The picture quality of the film is generally fantastic. OK, some quarters have bemoaned the fact that the film is not presented anamorphically. But the 1.85:1 transfer is incredibly sharp and detailed - minor specks here and there cannot spoil the overall consensus that BOSC looks sensational. Even when using the ZOOM function on a widescreen TV, it looks terrific.

Audio-wise, you are offered 5.1 EX and DTS remixes, but I found the original mono soundtrack (also an option) far more satisfying. Call me a purist maybe, but the remixes tended to sound rather contrived and poorly balanced.

The extras on the disc are magnificent.

Who would've expected a commentary track? Or one that includes the writer (Robert Wynne-Simmons), the director (Piers Haggard), the star (Linda Hayden) and moderator John Sothcott?! The writer and director dominate much of the conversation, but Hayden is often encouraged back into proceedings by Sothcott. It's a really interesting listen, with plenty of anecdotes and information - plus some interesting comments on Wymark's habits! Later into proceedings though (most notably during Mark's funeral) there are huge gaps in the commentary.

LINDA HAYDEN - AN ANGEL FOR SATAN is a 12 minute featurette which basically offers an onscreen interview with the female star, who looks amazing considering this film was shot 34 years ago! She talks of her big break in BABY LOVE, her ongoing rapport with horror fans, her regret for ever getting involved with EXPOSE (a'la THE HOUSE ON STRAW HILL) and, of course, her fondness for BOSC. Which she rates above TASTE THE BLOOD OF DRACULA …

There are two trailers … both originating from the US. The first is an unrated trailer that's 3 minutes long. Very sensational! The second is an abridged version of it's predecessor, and advertising a theatrical double bill that including BOSC and the inferior THE BEAST IN THE CELLAR.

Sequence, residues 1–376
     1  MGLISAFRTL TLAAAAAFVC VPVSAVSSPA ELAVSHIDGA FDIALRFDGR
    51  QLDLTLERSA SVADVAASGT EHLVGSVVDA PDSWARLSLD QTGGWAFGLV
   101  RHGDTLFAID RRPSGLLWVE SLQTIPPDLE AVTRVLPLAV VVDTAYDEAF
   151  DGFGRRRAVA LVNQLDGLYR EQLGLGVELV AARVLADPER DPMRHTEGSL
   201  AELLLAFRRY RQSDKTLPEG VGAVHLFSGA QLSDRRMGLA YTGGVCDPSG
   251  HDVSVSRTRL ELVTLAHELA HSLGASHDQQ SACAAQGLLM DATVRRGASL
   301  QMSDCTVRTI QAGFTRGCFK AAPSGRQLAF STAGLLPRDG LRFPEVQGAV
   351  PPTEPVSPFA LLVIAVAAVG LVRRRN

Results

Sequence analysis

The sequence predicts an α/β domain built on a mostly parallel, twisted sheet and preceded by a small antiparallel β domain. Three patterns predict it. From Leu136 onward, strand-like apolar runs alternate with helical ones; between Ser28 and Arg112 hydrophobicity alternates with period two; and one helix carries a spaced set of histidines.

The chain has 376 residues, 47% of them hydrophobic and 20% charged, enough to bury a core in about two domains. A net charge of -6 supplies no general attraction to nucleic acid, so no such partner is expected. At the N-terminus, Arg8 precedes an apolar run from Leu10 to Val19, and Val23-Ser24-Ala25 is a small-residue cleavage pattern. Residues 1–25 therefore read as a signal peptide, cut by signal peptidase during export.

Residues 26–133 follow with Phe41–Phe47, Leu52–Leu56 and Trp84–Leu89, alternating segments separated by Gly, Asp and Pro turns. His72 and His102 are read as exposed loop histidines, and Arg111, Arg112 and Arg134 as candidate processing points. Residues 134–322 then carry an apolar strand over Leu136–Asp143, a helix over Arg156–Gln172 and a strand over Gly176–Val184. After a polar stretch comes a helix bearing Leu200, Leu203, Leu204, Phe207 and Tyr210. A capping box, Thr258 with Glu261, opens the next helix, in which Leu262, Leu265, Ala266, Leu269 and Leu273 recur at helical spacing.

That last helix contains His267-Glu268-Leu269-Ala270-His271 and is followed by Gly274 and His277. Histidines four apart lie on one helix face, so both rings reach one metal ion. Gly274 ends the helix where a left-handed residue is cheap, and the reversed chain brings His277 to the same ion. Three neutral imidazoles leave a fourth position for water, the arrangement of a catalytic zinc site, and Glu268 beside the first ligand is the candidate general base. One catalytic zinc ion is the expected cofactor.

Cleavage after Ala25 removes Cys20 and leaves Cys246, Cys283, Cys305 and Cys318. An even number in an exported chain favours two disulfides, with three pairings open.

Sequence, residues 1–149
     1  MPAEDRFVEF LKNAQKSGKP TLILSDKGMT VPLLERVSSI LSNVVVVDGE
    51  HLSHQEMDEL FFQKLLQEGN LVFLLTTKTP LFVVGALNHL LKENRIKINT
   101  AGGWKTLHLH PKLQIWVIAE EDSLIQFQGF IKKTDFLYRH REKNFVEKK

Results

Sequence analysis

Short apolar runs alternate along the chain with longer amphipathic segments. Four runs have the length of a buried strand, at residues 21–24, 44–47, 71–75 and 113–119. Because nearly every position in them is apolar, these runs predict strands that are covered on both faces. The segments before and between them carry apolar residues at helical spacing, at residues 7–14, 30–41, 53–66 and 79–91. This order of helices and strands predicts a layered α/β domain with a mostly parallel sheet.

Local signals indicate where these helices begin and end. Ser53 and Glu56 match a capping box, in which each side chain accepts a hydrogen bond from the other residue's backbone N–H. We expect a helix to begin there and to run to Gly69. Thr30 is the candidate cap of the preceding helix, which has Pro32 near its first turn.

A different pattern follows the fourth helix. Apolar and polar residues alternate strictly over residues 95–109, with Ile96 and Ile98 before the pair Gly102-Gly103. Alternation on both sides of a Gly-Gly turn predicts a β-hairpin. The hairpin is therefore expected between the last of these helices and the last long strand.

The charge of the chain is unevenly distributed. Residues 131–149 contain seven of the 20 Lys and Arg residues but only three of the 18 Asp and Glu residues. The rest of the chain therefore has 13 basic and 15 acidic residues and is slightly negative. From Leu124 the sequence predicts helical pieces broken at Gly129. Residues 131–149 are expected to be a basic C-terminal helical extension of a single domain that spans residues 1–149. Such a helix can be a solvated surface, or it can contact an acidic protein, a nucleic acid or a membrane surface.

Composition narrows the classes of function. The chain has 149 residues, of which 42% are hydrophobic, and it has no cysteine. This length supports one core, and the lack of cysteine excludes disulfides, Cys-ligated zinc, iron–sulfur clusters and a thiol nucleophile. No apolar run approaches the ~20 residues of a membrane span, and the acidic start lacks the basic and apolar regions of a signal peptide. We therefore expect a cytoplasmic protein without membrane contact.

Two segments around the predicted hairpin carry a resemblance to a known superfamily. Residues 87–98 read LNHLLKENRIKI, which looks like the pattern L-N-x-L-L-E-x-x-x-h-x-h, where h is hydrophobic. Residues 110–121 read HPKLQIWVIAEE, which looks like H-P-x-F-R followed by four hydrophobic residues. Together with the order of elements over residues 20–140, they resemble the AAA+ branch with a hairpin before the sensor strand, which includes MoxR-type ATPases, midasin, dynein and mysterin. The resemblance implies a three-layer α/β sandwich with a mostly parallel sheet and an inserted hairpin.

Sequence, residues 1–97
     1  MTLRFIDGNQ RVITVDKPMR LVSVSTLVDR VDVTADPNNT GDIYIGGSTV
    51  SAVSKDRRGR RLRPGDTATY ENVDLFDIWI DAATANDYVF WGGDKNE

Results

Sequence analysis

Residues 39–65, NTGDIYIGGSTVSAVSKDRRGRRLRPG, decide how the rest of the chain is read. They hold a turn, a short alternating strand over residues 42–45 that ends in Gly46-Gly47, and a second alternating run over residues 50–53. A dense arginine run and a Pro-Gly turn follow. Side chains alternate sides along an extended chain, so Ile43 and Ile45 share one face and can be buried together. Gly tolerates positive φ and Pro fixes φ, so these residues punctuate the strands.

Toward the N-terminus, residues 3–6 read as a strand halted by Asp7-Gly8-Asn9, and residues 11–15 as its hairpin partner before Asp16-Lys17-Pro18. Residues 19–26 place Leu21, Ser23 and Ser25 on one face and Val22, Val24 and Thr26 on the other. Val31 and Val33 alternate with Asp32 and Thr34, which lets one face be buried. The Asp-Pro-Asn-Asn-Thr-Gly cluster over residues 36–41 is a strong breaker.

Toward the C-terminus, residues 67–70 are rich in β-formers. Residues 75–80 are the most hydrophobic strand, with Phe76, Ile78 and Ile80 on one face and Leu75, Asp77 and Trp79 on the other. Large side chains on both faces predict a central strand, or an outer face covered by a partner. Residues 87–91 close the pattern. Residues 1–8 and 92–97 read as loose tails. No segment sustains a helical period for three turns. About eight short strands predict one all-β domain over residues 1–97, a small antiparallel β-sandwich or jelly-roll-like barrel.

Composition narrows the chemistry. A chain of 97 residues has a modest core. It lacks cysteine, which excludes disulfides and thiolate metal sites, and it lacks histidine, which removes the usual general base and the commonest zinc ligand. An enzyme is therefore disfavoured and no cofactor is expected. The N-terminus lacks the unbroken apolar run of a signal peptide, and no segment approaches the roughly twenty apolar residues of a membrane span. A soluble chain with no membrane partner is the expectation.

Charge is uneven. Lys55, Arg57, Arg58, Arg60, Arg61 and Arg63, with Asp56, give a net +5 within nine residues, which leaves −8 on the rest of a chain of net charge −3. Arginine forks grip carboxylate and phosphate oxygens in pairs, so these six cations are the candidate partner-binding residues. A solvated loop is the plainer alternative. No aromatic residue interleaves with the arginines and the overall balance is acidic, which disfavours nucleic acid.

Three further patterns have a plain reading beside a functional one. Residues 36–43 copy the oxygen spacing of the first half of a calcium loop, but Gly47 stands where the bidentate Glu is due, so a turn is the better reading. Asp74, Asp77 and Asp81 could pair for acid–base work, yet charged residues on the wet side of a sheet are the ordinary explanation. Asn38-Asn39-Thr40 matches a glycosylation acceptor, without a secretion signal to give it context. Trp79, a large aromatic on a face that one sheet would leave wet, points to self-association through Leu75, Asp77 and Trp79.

A stills gallery offers 20 images - original pre-cert UK video cover, some press release guff and so on.

There's 24 pages worth of film notes (the filmmakers originally considered Christopher Lee for the part of the judge, but he was too expensive … that type of thing) by Jonathan Sothcott that are interesting in their own right - but unfortunately a lot of the information here is replicated on the commentary/liner notes by Wayne Hazell.

Sothcott also offers biographies on Hayden and Haggard - 14 pages and 13 pages respectively.

Finally, for users with access to a DVD-ROM drive on their PC, you can always check out Wynne-Simmons' original stories in pdf format …

Check out the double-sided cover too. If you're in any doubt as to how customer-friendly Anchor Bay Entertainment UK is … don't be. You asked for a 2 disc SANTA SANGRE? You got it! You moaned about the packaging of the Amicus boxset? They addressed it! You didn't like the new cover artwork ABEUK had planned for this release? Fine … they've backed it with a reproduction of the original UK theatrical poster artwork! Very nice it is too!!

Fully uncut for the first time in the UK, it's nice to see this long-forgotten gem finally arrive on DVD. Thank God ABEUK got the rights - as a result we have a largely pristine transfer (MGM may obtain an anamorphic transfer for their forthcoming R1 release, but don't hold your breath), incredible extras and decent packaging to boot. All for the high-street RRP of £12.99!!!

Very nice.

Review by Stu Willis

Released by Anchor Bay UK
Region 2 PAL
Rated 18
Extras : see main review